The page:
Tennis, antisemitism, trains and drunks in Sweden.
So I'm spending a week in Sweden doing talks about the drug industry but that's not what I'm going to write about.
Today on the front page of the Swedish newspaper I read for breakfast a Jewish woman declared that she no longer felt safe living in Sweden. I understood what she was talking about because I just spent two nights at the hotel which hosts the Israeli Davis Cup tennis players in Malmö.
The hotel was filled with young males in civilian clothes and backpacks carrying red cards around their necks and they all looked at me supiciously as I entered or left the hotel. Apparently they were part of SÄPO, the Swedish Secret Service.
Another bunch of musculous men carried yellow cards, some of whom looked like US secret service but spoke British English.
It could all have been part of a John le Carré novel.
My cab driver who had an accent and didn't look Swedish had a hard time parking in front of the hotel and was almost not allowed to wait for me in the lobby until I pleaded on his behalf and got my coat.
The entire place reeked of testosterone.
Apparently about 10,000 demonstrators against Israel are expected and also some significant violence.
The politicians have not made things much better by directing that, based on security concerns, the players will play without an audience.
And a local union boss today said that security can't be guaranteed so he will close down the entire event unless someone removes all the lose cobble stones and debris from roadwork outside the stadium.
Unfortunately none of this is a reflection of what most Swedes think, but this will obviously color the perception foreigners have of Sweden.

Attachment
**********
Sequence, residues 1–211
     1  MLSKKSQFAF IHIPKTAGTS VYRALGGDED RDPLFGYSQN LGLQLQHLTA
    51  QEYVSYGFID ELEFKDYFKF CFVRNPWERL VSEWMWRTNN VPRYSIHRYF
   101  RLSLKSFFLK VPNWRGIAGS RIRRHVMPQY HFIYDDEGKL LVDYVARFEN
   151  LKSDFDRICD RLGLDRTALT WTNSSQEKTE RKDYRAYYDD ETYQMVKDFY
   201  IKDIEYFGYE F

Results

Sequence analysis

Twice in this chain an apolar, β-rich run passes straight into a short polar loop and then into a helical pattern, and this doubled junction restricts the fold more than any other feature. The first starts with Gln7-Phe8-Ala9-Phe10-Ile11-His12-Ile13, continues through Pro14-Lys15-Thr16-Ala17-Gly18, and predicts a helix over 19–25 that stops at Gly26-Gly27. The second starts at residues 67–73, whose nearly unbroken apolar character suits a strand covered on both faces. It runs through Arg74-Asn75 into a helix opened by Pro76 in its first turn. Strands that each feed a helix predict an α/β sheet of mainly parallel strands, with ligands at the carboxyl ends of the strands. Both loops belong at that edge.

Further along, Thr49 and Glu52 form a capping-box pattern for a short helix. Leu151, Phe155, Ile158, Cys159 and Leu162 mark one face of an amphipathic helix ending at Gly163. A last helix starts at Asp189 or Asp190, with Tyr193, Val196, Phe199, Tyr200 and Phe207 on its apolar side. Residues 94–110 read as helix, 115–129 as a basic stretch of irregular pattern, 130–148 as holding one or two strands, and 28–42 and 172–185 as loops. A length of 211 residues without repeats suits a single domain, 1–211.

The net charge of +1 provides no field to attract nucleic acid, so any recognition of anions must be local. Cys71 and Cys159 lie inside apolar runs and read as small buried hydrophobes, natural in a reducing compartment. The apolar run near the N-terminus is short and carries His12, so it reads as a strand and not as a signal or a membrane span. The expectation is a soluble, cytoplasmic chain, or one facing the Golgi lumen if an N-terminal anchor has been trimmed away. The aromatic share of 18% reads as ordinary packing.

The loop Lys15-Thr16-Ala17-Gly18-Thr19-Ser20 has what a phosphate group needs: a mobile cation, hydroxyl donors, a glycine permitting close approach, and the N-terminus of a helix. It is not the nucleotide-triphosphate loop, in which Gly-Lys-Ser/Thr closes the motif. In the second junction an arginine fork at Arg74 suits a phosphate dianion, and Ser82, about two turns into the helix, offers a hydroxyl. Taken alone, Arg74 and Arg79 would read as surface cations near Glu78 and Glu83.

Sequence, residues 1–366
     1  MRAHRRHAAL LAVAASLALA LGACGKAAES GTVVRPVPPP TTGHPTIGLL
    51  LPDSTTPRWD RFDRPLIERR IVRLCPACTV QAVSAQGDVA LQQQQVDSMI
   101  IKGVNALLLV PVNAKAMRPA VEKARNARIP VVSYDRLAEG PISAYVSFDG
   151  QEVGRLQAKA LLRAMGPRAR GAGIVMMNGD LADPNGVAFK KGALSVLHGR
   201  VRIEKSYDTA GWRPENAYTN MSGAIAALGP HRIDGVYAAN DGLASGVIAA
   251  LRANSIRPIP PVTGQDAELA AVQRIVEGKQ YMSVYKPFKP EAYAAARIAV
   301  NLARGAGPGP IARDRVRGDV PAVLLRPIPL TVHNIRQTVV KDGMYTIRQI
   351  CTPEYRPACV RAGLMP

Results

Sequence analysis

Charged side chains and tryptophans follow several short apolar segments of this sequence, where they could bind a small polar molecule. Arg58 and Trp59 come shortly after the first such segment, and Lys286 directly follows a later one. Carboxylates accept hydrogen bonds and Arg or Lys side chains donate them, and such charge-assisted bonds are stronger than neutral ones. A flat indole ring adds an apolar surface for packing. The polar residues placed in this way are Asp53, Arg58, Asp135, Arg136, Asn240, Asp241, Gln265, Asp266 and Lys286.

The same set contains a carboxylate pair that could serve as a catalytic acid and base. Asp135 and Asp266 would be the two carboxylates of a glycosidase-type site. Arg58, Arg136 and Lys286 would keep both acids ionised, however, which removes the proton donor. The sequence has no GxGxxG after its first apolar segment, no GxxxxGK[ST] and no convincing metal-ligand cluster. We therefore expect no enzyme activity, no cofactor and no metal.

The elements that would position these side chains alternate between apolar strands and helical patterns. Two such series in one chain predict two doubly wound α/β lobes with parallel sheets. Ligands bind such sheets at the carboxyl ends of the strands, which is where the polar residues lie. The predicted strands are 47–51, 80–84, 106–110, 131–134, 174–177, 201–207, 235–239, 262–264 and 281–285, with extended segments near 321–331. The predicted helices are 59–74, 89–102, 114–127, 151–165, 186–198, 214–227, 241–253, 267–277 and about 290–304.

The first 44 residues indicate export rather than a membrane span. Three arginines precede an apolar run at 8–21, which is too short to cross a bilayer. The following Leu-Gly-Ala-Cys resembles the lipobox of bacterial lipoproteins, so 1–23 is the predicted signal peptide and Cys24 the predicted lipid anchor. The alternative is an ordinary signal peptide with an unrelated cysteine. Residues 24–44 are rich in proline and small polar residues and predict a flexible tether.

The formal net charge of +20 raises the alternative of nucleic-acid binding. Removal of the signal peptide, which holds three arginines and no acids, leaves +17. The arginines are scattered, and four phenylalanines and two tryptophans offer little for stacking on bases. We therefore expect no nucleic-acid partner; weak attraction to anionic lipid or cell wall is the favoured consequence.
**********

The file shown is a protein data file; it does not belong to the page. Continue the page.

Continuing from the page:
Malmo, however, was beautiful and the audience I spoke to great; the only thing I missed during my stay was an Internet connection at the Radisson SAS hotel. I actually have a better connection on the train writing this, than I ever had at the hotel.
The trains in Sweden are a joy compared to the US ones, clean, quiet and inexpensive. The hotels, not so much joy,, at least not when it comes to Internet.
The only downside with the cheap fare as far as the train goes is that this means that even if you buy a first class ticket there may be surprises you'd only encounter in Russia. Right now a gentleman to the right has placed two large bottles of beer in front of himself and to ensure enough impact he is mixing them with a bottle of vodka.
He's already finished half the vodka bottle, which he hides inside his jacket when the conductor passes by.
The Swedish drunks . . . I'd almost forgotten about them.
Another memorable week.
Hopefully the Internet works in my next hotel. Otherwise I guess I'll have to go back on a train.
Still it is great to be back in beautiful Sweden and the drunk was just escorted off the train.